Living in the Lawnmower Chalet

Have you ever tried living in a lawnmower chalet? Hm, perhaps I should explain before you answer.
Several years ago my family and I dropped in on an open house for a very expensive home. While walking through the living room we noticed an interesting building in the backyard. For all intensive purposes, it appeared to be a shed…a shed with a wide front porch, gingerbread eaves, and a very elaborate light fixture suspended in front. When we asked the realtor about it, she said, in all seriousness, “Oh, that? That’s the Lawnmower Chalet.” I’m afraid we broke out laughing.
It has become a very big joke in the family. Every time my dad starts talking about retiring I just say, “Don’t worry, you can always live in my Lawnmower Chalet.”
Funny as it is, the whole idea took on a different meaning for me this week when I was thinking about trying to do things that make my natural self say, “Oh, that is way too hard. Almost nobody succeeds. Why are you even trying?”
I realized if I succumbed to those thoughts I’d end up being a lot like someone who lived in a shed their whole lives, wishing I could live in the real house, but assuming it’s too hard to get there. It would be so easy to just dress up the shed, give it a fancy sounding name, and pretend that I’m just fine living there. But it wouldn’t be fine, would it?
So, are you living in a Lawnmower Chalet? Is there are “real house” out there you’d like to live in, but you’ve assumed it’s impossible to get there? Are you adding gingerbread eaves to your shed?
Personally, I’ve decided to stop decorating my shed and start moving out. How about you?

21 thoughts on “Living in the Lawnmower Chalet

  1. What an interesting thought, Emily! Great post! Yes, we must always be moving onward towards our goals! We shouldn't sit still for too long! ;-)

  2. My goal is to live in the "Lawnmower Chalet."Let me explain. Our culture is saturated in debt. People do not know how to manage their money. When I buy a house, I plan to rent it out and live in a shed out back. Others can have their dreams. Mine is to be free and not beholden to anyone if it can be avoided.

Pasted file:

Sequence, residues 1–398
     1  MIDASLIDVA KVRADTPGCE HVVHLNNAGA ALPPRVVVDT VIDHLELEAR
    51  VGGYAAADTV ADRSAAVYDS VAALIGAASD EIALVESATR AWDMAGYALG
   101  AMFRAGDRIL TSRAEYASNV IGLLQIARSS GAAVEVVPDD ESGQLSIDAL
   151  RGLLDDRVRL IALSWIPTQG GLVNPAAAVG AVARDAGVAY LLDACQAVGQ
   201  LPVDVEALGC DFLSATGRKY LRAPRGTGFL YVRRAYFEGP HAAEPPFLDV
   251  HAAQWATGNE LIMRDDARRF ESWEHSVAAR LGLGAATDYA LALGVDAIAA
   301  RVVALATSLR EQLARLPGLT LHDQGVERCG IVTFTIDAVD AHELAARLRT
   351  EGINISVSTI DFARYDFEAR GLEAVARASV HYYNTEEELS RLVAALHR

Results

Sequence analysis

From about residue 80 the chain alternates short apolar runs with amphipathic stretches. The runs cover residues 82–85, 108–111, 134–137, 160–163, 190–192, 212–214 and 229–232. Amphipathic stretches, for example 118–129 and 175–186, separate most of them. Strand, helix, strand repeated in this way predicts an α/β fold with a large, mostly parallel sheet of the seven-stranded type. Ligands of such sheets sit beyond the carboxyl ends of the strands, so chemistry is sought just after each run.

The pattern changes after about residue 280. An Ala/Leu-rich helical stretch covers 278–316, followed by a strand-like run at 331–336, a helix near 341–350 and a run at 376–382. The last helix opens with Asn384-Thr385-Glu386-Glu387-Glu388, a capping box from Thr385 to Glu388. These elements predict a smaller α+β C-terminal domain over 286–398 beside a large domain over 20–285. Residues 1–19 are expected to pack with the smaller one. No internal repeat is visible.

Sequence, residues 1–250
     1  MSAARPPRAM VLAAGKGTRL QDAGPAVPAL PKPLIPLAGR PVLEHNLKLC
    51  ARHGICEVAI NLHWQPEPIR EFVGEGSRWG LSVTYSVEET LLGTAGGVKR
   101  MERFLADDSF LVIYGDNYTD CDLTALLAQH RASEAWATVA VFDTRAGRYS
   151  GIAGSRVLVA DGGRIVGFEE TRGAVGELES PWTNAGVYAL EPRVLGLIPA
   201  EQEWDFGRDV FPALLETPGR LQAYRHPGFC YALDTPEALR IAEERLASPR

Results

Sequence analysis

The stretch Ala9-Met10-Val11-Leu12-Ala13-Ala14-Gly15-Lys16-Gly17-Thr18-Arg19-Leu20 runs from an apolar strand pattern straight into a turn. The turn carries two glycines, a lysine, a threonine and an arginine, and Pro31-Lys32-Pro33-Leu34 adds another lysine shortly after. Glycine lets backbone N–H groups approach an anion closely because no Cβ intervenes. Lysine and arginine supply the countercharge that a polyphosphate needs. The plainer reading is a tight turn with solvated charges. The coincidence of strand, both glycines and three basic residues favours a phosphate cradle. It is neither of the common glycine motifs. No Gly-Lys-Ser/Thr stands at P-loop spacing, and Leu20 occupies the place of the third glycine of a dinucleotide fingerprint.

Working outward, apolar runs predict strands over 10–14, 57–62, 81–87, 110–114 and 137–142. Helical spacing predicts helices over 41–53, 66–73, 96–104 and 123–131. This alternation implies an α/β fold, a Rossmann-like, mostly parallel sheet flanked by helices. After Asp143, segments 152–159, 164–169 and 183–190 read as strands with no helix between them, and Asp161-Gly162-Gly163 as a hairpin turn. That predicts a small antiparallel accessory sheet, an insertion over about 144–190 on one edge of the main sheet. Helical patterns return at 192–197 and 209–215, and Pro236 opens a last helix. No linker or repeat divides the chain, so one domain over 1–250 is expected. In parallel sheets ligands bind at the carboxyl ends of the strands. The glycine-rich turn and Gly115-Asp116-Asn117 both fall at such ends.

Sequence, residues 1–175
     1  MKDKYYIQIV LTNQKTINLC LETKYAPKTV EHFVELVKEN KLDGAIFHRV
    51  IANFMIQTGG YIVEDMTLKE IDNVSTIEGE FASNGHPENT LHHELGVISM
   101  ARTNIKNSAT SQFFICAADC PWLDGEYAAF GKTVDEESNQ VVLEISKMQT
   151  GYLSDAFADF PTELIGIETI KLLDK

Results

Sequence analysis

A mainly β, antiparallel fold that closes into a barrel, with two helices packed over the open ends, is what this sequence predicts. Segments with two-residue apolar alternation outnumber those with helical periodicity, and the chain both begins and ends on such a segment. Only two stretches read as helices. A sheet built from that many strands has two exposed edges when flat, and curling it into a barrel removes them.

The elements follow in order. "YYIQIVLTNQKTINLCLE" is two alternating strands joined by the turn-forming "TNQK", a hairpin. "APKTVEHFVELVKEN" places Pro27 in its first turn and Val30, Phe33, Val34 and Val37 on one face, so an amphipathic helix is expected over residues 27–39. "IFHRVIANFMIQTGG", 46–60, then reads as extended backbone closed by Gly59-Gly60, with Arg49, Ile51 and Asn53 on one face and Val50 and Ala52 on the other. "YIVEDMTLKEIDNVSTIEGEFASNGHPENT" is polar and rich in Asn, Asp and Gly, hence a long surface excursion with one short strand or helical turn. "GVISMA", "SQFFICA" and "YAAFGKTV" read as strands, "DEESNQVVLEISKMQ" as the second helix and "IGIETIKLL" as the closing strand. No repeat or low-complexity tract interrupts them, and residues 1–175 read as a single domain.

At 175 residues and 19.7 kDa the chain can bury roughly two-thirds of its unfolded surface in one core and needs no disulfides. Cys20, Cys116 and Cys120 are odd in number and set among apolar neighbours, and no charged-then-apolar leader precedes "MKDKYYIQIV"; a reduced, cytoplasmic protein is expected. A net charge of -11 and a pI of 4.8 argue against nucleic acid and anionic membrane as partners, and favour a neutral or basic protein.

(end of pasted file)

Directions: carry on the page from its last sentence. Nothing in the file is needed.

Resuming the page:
3. Agreed, Lydia! :) Okay "Daga" you TOTALLY missed the point. This post isn't about money or owning more. :P It's about not settling because you're afraid to step out do the hard stuff it takes to really have a fulfilled life.

  4. I think Lawnmower chalet has a charming ring at first, but then you're 50 and wonder why did I stay here so long and am I too old to get out of here now. Good point to think on. :O)www.dianeestrella.com

  5. Mine's decordated with frosting and chocolate chips :halo: j/k :PInteresting thoughts though. I've thought about that quite a bit lately. People don't *try* to do something because they perceive it to be "impossible" or even just difficult. As I tell my bros (when they say they "can't" do something), it's possible to dig a tunnel with a teaspoon. It's not easy, but it is possible ;)

  6. Great post! I think its easy to tell ourselves that we would be perfectly happy in the lawnmower chalet, but sometimes we do need to stretch and grow. Its the fear of failure I believe that stops us from reaching. Have a great weekend!

  7. Loved this post! I see you're in CA. I'm jealous! We just came back from vacation there. I'm begging my husband to relocate somewhere warm and sunny with me. Shoot, I might just have to go without him!

  8. Interesting post! Never fail to come away from your blog with food for thought:) BTW, have a surprise for you over at my blog today:karenelange.blogspot.comHave a blessed week,Karen

  9. Hi Emily Ann -As writers, it's easy to settle for a few sales (non-fiction)and not move on to the next level. Even as a fiction writer, it's tempting to write without forward momentum.Thanks for a great analogy to get us into gear.Blessings,Susan :)P.S. I added you to my blogroll.

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